[IWAR] GPS for civilians to be improved

From: 7Pillars Partners (partnersat_private)
Date: Tue Mar 31 1998 - 09:06:18 PST

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    Close enough for horseshoes and hand grenades... --MW
    Gore announces improvements to civilian GPS system
     'An engine of economic growth'
     March 30, 1998
     Web posted at: 10:36 p.m. EST (0336 GMT) 
     WASHINGTON (AP) -- The
     Global Positioning System, which
     provides pinpoint location
     information around the world to
     the U.S. military, will soon
     provide the same accurate data to civilians thanks to an upgrade
     announced Monday by Vice President Al Gore. 
     He said the government will expand the number of signals available
     for civilian use from one to three. That should overcome
     atmospheric distortion that affects the current lone civilian signal by
     providing companion channels to check for accuracy. 
     The announcement builds on another one made in 1996, when the
     Clinton administration said that over the course of the next decade,
     it would eliminate small errors intentionally inserted into GPS to
     guard against its misuse by non-Pentagon users. 
     Taken together, the changes mean that by the middle of the next
     decade, hand-held GPS receivers sold to civilians should soon be
     able to pinpoint locations within 33 feet -- 10 times as close as the
     current range of 325 feet. 
     The hand-held units are already used by outdoorsmen and are
     beginning to be featured in new and rental automobiles for use in
     emergencies or to provide directions to lost drivers. 
     "GPS has become an engine of economic growth and efficiency as
     businesses and consumers are continually developing new and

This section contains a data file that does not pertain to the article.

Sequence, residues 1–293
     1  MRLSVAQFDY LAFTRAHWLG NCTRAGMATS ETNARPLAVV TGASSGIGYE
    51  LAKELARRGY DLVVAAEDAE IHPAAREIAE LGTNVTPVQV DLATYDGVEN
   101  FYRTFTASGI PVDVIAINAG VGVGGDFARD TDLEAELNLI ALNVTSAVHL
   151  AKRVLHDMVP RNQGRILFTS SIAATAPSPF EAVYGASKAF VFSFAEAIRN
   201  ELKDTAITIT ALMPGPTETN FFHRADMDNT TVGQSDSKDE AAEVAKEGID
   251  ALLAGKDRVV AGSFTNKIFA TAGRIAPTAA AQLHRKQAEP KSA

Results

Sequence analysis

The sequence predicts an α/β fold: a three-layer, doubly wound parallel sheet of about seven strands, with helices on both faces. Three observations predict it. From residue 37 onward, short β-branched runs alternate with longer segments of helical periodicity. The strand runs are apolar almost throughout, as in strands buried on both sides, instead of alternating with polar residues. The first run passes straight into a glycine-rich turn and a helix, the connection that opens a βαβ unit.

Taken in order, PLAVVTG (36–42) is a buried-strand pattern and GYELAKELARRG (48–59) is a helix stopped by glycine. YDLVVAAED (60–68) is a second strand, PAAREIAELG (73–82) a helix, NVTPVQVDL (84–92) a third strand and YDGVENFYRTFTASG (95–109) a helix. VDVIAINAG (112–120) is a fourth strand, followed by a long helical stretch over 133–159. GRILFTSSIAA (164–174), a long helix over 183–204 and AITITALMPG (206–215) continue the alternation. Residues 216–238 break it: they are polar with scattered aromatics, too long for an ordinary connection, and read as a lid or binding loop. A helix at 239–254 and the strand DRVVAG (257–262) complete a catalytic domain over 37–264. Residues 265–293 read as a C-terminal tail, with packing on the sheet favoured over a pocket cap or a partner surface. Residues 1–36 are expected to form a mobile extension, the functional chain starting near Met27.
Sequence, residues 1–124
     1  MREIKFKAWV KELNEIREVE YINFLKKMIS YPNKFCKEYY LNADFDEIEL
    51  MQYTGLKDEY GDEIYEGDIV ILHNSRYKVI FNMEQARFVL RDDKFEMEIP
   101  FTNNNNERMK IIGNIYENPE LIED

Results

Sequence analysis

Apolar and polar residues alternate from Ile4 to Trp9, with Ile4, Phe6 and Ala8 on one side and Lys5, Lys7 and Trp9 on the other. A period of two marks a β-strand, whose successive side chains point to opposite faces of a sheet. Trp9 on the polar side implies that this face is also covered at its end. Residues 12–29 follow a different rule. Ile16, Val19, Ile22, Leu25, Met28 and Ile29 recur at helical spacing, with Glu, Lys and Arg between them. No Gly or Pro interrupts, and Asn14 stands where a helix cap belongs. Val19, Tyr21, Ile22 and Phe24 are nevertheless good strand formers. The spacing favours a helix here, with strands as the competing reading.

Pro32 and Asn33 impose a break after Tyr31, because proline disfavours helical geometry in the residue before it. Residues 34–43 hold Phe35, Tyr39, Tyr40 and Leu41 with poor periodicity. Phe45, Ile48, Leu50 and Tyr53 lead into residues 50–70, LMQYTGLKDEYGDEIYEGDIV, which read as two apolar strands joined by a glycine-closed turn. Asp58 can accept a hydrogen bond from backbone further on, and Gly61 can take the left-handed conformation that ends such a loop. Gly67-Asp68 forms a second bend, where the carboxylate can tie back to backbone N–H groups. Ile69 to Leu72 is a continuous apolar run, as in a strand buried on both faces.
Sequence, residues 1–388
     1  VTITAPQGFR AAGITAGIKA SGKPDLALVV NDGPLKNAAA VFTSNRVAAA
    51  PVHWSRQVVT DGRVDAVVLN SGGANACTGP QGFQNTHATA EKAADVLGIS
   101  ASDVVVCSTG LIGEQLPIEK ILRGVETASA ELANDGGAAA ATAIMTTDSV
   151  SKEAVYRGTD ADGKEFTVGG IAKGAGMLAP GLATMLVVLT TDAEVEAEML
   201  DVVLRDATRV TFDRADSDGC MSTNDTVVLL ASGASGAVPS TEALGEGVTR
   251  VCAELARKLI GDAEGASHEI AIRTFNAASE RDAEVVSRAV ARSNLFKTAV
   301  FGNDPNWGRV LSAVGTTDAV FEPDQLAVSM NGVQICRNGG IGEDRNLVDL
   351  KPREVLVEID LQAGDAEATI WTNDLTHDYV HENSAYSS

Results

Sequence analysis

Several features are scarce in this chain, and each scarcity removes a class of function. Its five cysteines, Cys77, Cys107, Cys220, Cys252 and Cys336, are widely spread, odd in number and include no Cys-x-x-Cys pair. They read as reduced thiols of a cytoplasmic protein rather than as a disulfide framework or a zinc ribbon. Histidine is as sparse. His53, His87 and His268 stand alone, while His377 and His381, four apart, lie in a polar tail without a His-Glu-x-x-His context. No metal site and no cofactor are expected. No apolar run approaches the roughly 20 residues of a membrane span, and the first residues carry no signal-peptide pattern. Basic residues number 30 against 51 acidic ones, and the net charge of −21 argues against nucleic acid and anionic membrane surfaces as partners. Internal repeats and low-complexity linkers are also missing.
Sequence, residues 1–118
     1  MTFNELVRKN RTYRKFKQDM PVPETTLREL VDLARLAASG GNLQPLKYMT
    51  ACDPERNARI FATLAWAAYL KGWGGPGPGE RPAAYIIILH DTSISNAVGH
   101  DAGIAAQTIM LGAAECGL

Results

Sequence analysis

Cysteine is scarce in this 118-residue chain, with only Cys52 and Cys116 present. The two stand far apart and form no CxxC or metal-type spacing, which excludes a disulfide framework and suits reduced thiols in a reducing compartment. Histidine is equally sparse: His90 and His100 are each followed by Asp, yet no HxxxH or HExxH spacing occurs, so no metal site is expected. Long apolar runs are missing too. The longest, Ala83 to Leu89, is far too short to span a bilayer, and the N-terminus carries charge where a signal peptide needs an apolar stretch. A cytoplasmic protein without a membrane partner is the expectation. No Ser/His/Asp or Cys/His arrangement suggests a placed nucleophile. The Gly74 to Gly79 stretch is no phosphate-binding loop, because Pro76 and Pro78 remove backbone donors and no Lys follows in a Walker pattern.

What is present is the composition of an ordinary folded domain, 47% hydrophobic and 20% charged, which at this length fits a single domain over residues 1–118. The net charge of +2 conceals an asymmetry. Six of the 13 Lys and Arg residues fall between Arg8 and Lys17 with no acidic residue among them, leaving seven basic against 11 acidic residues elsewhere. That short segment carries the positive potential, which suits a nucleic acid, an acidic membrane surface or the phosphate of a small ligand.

creative applications of the system," Gore said in a statement. "We
     will continue to do everything we can to protect these GPS signals
     and promote GPS applications for commercial, public safety and
     national security interests." 
     Cloaked signals
     The Pentagon spent $10 billion developing the Global Positioning
     System, which works off information from 24 satellites positioned
     around the Earth. 
     Those satellites transmit signals giving the satellite's location and the
     time of the transmission. A GPS receiver uses that data to calculate
     the satellite's relative position and, consequently, the receiver's
     The military inserted errors in the current system's timing signal to
     protect its troops. The receivers they use filter out the errors, a
     process called "selective availability." 
     Both Gore and President Clinton announced in 1996 that they
     wanted to make GPS information more accessible to the public
     and private enterprise, in part by eliminating selective availability by
     The new system would provide the same protection for the military
     by eliminating service for entire regions in times of war. 
     While the military currently has use of two GPS signals, civilians
     can receive only one. The second signal, which Gore said would
     be operational by 2005, may be most useful in the public safety
     arena because of its improved accuracy. 
     The third civil signal, whose operational date has not yet been
     determined, will primarily be of use to scientific users and
     surveyors, because a total of three GPS signals would allow for
     even better accuracy than one or two signals, the vice president
     The changes will take some time to implement because they will
     require new satellites and new receivers. The satellites are routinely
     changed every 7 1/2 years. Existing GPS receivers will still work
     with the new system, although they will not provide the improved
     Copyright 1998 The Associated Press. All rights reserved.
     This material may not be published, broadcast, rewritten, or

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